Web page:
1911 Alpine Club of Canada–Smithsonian Robson Expedition

The Smithsonian Institution participated in the Biological Survey of the Canadian Rockies in 1911 at the request of Arthur Oliver Wheeler [1860–1945], Director of the Alpine Club of Canada

Wheeler was undertaking a topographic survey of British Columbia and Alberta and thought it would be an excellent opportunity for the Smithsonian to gather specimens from the region. The Alpine Club of Canada also helped to pay for a portion of the Smithsonian’s costs for sending staff. Official Smithsonian staff included N. (Ned) Hollister, Assistant Curator in the Division of Mammals (leader); and Joseph Harvey Riley, Aid in the Division of Birds. They were assisted by Charles D. Walcott, Jr. (son of the Secretary of the Institution) and H. H. Blagden. All specimens collected came to the Smithsonian, including mammals, birds, reptiles, batrachians, fishes, invertebrates, and plants.

Under Wheeler, the Robson expedition included Austrian mountain guide Conrad Kain, who would ultimately make the undisputed first ascent in 1913, Phillips as outfitter, Kinney as assistant and Harmon as photographer and cook.

While Wheeler’s attempts to interest Canadian scientists in his expedition did not succeed, he did entice Dr. Charles Walcott, secretary of the Smithsonian Institution, to conduct scientific studies under the permit of the geology, flora and fauna of the area.
The expedition’s supplementary party also included Ned Hollister, assistant curator of mammals for the United States National Museum, J.H. Riley from the same USNM, with Charles Walcott Jr. and Harry H. Blagden serving as the party hunters who were also enlisted to secure big game specimens.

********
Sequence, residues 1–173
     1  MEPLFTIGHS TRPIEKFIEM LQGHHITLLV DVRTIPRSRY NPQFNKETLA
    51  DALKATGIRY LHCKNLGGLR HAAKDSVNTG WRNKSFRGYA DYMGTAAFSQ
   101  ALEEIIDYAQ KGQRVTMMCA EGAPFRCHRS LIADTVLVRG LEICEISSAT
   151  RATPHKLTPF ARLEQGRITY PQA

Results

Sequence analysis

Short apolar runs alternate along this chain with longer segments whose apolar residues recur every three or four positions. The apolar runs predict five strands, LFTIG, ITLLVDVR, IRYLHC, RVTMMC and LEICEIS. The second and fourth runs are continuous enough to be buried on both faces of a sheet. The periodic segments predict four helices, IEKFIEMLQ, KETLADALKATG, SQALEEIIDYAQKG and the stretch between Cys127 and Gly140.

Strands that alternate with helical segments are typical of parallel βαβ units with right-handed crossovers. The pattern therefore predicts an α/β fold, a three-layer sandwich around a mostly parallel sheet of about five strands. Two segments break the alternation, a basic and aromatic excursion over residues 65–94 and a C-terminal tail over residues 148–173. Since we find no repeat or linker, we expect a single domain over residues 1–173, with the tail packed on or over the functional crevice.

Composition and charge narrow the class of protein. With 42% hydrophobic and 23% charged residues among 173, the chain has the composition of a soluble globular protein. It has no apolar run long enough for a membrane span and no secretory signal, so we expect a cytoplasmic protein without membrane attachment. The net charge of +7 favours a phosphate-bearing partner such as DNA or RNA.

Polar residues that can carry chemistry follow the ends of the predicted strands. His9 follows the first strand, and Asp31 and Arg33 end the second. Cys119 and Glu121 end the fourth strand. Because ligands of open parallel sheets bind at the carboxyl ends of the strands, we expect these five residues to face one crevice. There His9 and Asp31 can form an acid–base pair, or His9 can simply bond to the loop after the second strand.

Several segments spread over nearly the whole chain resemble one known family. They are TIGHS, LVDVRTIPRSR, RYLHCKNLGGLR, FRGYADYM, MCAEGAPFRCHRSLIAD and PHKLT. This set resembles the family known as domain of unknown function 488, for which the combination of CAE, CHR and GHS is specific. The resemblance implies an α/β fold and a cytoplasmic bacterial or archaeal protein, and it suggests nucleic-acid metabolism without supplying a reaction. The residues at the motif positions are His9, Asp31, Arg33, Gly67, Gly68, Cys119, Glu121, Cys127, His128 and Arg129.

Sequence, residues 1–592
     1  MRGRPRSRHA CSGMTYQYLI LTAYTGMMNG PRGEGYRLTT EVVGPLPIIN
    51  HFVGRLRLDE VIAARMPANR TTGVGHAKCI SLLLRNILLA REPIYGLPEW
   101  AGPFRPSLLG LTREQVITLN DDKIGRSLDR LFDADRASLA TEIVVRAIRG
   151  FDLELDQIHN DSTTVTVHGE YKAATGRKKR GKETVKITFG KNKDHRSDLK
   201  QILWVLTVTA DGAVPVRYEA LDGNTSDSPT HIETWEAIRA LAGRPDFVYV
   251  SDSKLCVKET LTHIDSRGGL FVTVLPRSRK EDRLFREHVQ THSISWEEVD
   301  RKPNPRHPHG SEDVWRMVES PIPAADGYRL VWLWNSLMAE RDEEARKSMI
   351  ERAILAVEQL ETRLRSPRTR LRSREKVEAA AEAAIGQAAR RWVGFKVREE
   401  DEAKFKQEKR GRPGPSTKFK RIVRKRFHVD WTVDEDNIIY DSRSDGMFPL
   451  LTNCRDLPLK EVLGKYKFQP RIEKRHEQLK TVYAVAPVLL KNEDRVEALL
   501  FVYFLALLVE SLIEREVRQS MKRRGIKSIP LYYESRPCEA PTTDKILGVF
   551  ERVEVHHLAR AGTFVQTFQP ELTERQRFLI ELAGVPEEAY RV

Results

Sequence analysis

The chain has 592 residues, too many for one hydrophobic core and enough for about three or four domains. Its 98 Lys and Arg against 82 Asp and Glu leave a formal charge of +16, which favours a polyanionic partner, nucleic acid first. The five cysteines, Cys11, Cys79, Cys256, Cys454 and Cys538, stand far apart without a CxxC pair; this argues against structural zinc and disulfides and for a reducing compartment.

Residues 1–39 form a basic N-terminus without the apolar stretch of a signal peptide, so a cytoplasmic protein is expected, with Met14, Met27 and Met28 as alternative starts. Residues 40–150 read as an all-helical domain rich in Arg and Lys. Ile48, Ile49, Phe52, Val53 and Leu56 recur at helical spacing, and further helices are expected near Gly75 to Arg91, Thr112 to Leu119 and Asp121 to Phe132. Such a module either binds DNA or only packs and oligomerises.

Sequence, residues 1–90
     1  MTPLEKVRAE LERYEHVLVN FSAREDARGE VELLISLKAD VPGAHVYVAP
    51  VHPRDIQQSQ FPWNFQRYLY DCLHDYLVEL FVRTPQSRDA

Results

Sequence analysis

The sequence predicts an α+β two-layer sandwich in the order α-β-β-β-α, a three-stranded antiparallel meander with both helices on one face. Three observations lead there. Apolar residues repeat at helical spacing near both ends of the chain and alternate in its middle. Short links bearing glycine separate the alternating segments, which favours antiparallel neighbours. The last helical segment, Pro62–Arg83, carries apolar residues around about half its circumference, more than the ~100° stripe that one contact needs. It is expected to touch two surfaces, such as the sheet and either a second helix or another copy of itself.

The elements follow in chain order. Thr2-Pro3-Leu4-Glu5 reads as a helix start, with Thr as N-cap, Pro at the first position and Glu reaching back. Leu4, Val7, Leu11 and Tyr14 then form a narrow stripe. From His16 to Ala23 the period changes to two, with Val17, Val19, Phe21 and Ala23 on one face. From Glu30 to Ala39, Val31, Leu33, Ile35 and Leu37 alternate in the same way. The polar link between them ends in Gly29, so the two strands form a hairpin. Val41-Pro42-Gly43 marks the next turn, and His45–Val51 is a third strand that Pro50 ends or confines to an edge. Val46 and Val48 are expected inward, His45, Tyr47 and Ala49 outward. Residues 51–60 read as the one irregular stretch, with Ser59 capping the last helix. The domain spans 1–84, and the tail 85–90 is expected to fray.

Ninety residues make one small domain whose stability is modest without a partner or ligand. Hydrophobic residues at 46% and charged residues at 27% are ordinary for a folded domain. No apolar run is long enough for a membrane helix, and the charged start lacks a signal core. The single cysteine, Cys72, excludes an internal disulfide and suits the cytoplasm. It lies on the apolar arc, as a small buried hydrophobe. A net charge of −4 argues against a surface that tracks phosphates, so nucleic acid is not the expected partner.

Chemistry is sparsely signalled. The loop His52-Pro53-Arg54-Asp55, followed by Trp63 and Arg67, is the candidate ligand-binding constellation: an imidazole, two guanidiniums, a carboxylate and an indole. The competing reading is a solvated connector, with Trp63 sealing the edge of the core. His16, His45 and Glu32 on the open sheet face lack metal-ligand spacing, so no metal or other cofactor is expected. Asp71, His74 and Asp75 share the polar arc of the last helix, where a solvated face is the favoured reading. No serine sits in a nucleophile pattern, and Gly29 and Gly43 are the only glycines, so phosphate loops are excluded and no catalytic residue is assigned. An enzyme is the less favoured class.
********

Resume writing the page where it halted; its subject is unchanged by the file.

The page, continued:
Travelling west from Edmonton to the end of railroad construction near Henry House via the Grand Trunk Railway, the party then set off into the wilderness. Over the course of the summer they made the first circuit of Mount Robson, mapped and surveyed much of the country of that region and climbed 30 peaks, many of them first ascents. They also surveyed the area around Jasper’s Maligne Lake and eventually returned to Laggan (now Lake Louise) through the early autumn snows.

References:

  • Smithsonian Institution. Expedition History, 1911 (1911). Smithsonian Institution Archives
  • Wheeler, Arthur Oliver [1860–1945]. “The Alpine Club of Canada’s expedition to Jasper Park, Yellowhead Pass and Mount Robson region, 1911.” Canadian Alpine Journal, Vol. 4 (1912):9-80
  • Wheeler, Arthur Oliver [1860–1945]. “Topographical Map Showing Mount Robson and Mountains of the Continental Divide North of Yellowhead Pass to accompany the Report of the Alpine Club of Canada’s Expedition 1911. From Photographic Surveys by Arthur O. Wheeler; A.C.C. Director.” Canadian Alpine Journal, Vol. 4 (1912):8-81

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